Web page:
Kaitlyn Schiess
Thank you.

Latasha Morrison
So I’m so glad to have you here. I can, we were talking about this. I was like we got to have you on. You know, you’re educating us. I mean, just to look at some of the titles of your chapters is just…I’m telling you guys. It’s amazing. It’s amazing. And so I just tell us a little bit, I just read a little bit about you. What would you want the Be the Bridge community to know about you?

Kaitlyn Schiess
Yeah, so I’m so thankful that you’re having me on. Thank you. And yeah, I’m currently a doctoral student in Political Theology at Duke University. So full time, like day job right now is being a student, but love going to places to speak and talk and help, you know, churches and Christian communities think well about our political lives. So I’ve been doing that for a few years now. Published my first book in 2020 called The Liturgy of Politics, which kind of started my interest in all of this. And then kept studying and felt like, “I need more resources, I need to be doing more school.” I wrote that first book while I was in seminary, and then thought, “I’m just not done, I need some more help. I need to read some more books.” And so applied to PhD programs. And I’m now in a wonderful one here. And yeah, grew up all over the country, that might be good for people to know, too. My dad is still in the military. And so growing up, it was like, you know, every few years moving to a new spot. And so don’t really feel like rooted in a particular part of the US, but do feel rooted in a really strong family that I grew up in. Two parents who loved the Lord, and not only taught me a lot about Jesus, but over the last, especially 10ish years, have taught me what it means to change your mind about a lot of things. You know, we grew up in pretty conservative, predominantly white churches. And I’ve watched myself wrestled with a lot of questions about justice and race and politics. But I’ve watched my parents really faithfully wrestle with those questions, too, and change their minds and examine some of their own biases and things they grew up believing about all sorts of things. And that’s been a real witness and gift to me, as I have come into this work of figuring out how we live well together, including in our political lives. To have two parents and extended family who have modeled for me what it looks like to do that really well, while being really focused on hearing the Holy Spirit and listening to what Jesus leads, but still holding the secondary things secondarily, and being willing to say, “I was really wrong about what I thought Jesus wanted, I was really wrong, but I thought the Holy Spirit was leading.” So that’s been a big part of my growing up in my family in a way that I think has shaped me in some really positive ways.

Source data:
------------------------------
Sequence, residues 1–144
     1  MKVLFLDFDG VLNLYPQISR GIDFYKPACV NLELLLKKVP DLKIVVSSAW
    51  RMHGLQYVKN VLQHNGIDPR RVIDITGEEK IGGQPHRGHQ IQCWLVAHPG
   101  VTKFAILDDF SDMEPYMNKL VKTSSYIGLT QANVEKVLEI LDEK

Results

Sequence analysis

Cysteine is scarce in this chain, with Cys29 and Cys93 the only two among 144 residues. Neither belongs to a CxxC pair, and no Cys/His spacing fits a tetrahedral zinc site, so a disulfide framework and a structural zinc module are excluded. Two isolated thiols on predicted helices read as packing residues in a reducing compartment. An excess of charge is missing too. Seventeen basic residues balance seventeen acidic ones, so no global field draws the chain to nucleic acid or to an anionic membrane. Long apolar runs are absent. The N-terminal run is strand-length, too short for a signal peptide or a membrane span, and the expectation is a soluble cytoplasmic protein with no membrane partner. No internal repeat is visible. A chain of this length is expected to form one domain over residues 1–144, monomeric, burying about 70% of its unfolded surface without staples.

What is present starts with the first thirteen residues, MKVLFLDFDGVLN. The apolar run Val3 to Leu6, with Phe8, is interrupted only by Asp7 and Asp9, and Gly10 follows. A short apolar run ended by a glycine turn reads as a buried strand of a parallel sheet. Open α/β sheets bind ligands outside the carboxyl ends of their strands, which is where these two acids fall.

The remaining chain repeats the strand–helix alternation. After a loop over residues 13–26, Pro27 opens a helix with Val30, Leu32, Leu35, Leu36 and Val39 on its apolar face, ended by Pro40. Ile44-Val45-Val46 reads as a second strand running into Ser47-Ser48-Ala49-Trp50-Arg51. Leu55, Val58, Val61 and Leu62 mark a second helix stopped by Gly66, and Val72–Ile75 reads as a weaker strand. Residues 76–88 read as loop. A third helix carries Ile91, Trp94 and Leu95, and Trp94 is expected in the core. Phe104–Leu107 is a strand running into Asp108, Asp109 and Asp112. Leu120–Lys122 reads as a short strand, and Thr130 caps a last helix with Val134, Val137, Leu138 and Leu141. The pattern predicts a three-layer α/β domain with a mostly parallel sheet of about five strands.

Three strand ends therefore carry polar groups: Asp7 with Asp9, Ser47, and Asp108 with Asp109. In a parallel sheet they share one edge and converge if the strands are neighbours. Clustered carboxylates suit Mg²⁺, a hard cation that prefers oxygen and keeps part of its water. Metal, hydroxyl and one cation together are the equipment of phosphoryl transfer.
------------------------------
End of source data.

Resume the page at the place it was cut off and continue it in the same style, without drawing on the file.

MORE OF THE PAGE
Latasha Morrison